Very thorough poll although the only one I couldn't answer was 4 as there was no option for it not changing the strength of any of my relationships.

I also see I'm the only one so far that said my work was busier but I guess that's because of the nature of the jobs I was in during that period (healthcare/undertaking).

Yeah, it's fine to miss any that don't apply.

My work has been busier, but I cannot class it as a positive. It's been one of the main reasons for the deterioration in my mental health, but also moral within the business, and dramatically reduced customer satisfaction, as through last year we lost considerable staff resource to cope with the demand.

If possible, I'd suggest questions 3 and 6 be expanded to include all choices as all are definitely possible and one answer doesn't always eliminate the other (especially for question 6).

Yup, it's not ideal, I'm hoping/suggesting people go with the one they feel is most representative of their experiences and what they take from it... what's been the most important factor.

edit: I didn't want the poll to end up being this long already!
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I personally know someone who got severely sick last year in March for 5 weeks but she got better. It took her at least 4 months to get back to her former health. She's self employed, as a matter of fact she's my physical therapist.

A 63 y.o. marathon runner, who lives less than 1 km from me needs a lung transplant. He's only able to walk instead of run. Specialists have given him about 5 years to life if he decides not to get a lung transplant. His sister died of a lung transplant, not Covid related, so he doesn't know what to do, get a lung transplant or life for another 5 years and probably die.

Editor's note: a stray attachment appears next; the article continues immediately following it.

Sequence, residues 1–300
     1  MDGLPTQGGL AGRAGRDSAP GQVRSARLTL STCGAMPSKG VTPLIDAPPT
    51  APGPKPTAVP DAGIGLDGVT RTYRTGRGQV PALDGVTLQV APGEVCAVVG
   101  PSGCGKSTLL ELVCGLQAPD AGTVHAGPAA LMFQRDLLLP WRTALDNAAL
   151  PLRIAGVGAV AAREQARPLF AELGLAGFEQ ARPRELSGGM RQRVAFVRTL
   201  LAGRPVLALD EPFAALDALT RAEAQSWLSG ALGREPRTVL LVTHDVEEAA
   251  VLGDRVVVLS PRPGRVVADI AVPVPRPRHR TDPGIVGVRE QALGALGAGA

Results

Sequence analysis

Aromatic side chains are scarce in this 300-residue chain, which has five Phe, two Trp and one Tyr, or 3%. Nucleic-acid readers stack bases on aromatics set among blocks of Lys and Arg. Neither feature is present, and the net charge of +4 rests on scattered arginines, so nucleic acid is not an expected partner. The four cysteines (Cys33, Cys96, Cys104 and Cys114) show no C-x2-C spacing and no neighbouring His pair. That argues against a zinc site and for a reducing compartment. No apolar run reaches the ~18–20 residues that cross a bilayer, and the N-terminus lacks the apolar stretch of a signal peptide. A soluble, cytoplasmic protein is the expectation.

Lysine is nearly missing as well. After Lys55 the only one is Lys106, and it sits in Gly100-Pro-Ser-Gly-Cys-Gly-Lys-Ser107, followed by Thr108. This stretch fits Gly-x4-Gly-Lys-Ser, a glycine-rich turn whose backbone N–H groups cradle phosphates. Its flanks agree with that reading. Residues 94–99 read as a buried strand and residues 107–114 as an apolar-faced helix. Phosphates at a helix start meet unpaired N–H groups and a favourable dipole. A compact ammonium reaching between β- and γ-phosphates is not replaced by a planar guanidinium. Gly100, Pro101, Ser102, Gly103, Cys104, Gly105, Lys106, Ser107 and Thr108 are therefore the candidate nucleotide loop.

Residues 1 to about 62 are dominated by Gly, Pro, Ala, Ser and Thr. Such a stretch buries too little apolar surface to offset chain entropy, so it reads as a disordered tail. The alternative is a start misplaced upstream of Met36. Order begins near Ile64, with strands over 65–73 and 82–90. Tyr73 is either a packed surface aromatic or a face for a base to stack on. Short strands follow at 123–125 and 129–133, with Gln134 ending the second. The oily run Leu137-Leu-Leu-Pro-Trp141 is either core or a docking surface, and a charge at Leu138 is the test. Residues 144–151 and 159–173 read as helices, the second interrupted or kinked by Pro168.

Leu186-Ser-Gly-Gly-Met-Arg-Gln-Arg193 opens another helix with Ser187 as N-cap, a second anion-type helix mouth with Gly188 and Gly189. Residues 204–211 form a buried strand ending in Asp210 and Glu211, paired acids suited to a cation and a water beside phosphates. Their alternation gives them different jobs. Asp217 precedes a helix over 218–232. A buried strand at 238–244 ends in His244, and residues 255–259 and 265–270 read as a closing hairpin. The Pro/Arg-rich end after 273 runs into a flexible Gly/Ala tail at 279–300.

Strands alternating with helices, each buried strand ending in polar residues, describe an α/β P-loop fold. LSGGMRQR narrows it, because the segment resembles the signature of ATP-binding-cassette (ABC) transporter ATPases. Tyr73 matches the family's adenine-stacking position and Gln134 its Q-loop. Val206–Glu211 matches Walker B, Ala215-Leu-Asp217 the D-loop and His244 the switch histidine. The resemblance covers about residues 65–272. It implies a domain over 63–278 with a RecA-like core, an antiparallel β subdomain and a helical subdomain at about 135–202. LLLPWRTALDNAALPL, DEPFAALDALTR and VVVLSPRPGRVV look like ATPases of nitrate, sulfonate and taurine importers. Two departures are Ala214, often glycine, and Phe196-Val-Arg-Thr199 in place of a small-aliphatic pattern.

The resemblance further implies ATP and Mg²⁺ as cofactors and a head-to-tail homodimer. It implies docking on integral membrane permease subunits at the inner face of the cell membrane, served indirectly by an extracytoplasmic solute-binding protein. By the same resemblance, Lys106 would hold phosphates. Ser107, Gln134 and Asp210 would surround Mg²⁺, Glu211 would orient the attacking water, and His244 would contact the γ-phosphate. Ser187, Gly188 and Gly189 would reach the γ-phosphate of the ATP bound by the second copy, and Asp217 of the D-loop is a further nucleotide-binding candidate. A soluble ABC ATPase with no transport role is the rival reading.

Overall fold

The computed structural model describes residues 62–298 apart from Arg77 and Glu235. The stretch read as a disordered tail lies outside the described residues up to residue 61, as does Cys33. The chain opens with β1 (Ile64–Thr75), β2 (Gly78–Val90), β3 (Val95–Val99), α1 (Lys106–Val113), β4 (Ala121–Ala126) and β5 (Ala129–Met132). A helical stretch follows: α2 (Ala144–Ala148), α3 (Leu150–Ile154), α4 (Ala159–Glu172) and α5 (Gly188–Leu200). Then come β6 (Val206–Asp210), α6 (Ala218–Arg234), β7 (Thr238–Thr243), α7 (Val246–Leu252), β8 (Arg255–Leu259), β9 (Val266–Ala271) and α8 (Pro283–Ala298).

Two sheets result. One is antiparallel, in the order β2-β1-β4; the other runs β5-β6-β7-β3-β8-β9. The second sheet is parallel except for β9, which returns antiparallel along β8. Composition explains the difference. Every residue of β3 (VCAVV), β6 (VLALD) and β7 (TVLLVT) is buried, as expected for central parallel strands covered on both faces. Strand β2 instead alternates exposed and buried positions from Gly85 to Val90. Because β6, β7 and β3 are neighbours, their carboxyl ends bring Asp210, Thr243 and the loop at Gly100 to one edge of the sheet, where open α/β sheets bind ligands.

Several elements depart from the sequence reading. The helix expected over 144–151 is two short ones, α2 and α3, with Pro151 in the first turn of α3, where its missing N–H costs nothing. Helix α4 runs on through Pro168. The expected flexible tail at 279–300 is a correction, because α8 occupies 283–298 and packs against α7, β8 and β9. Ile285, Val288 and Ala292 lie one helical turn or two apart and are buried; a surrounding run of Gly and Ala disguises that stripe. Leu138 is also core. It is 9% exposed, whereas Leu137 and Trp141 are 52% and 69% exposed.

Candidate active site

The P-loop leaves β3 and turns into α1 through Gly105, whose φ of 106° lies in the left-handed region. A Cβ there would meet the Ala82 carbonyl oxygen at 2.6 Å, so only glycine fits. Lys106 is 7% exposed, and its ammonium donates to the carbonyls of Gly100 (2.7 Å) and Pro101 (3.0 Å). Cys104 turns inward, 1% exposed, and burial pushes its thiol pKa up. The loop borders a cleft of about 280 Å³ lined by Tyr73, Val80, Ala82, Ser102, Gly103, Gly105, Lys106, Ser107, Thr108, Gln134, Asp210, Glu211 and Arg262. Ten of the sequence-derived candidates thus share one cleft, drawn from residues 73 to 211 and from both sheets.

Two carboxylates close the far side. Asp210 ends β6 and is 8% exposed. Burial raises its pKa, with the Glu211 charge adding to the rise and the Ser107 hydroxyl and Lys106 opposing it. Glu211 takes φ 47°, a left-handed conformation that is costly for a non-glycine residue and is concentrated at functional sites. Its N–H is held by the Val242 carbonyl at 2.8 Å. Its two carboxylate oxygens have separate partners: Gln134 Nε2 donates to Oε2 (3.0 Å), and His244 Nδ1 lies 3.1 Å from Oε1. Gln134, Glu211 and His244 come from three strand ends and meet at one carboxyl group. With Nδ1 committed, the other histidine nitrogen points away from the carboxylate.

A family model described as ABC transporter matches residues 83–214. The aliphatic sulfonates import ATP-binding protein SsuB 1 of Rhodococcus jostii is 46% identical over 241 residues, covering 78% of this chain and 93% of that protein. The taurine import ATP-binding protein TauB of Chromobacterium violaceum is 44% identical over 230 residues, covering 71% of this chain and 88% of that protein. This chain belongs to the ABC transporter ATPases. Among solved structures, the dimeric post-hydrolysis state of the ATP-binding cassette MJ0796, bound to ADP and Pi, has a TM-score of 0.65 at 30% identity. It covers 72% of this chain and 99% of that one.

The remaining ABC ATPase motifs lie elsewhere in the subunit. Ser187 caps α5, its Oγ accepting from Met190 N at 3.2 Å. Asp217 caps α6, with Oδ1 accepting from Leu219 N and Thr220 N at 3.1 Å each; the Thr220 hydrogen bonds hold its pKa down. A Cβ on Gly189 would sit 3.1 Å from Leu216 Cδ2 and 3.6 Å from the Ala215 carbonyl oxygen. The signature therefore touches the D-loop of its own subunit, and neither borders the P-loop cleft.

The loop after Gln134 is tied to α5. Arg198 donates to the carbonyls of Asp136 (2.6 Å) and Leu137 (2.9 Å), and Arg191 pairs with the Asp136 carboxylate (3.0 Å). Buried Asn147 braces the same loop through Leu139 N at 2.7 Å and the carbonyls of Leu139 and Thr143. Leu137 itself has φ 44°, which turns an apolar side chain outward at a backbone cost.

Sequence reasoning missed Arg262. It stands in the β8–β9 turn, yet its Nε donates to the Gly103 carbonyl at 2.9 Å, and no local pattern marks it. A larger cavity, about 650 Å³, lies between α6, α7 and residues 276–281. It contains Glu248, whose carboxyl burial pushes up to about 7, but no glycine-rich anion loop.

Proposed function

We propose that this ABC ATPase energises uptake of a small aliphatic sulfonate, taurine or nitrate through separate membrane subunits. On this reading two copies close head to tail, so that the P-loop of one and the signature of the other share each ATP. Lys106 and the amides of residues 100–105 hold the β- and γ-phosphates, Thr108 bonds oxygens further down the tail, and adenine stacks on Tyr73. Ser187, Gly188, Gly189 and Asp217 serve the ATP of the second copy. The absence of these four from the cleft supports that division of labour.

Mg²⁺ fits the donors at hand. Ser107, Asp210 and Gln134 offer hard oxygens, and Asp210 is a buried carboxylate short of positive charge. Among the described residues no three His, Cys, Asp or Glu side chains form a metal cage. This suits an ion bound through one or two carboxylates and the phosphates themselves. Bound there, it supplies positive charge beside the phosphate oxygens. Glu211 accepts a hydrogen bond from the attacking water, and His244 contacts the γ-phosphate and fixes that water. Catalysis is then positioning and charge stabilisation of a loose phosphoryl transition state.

It has come to my intention that marathon runners and extreme sporters have a very weak immune system.

EDIT: I forgot to mention that an almost 80 y.o. acquaintance (lives about 400 m from my place) had only mild Covid symptoms and got better fairly quickly. He didn't get vaccinated before getting slightly sick.
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While I personally don't know anyone that has died from Covid, I did have a couple pretty close friends lose some relatives, one being my best friend. That one hit hard for me, to see someone very close to me so distraught. It was her grandpa, and the things that sucks about it is that the reason he caught it is because he refused to leave the household when his wife caught it, he wanted to be there for her. The only reason I can think is because they were both up there with age, so I guess he didn't know what the outcome was going to be. She ended up recovering, slowly, and he ended up catching it, but unfortunately it went the other direction. Not too long after his death, vaccines started being rolled out, so it really makes it bittersweet.

This was actually the first person that I knew that has been actually affected. It really put it in perspective for me just how serious it can be, not that I didn't think this was something to worry about from the get go.

I myself have not been diagnosed, yet(and hopefully ever), and I've been an "essential worker" since this started, so I really haven't missed a day at work at all because of this. I consider myself lucky that I live across the street from work, as I'm currently carless right now, so I never have to deal with public transportation. Work itself is actually booming, as well. We've been steadily increasing in sales, and even having trouble keeping up with some manufacturing because of it - making it both good and bad for similar reasons you mentioned @MatskiMonk. This year in particular have been record months Jan-Mar, topping 2020's sales for the same months, and even selling more than our usual busy seasons on our off seasons. Really, we've sold more than we ever have in these given months all the while having a massive back log of orders to catch up on, so that's promising. That said, by December I was given a nice 15% raise, and this month is going to be bringing another 20% raise/promotion hopefully. Mental health down, but money is picking up now more than ever.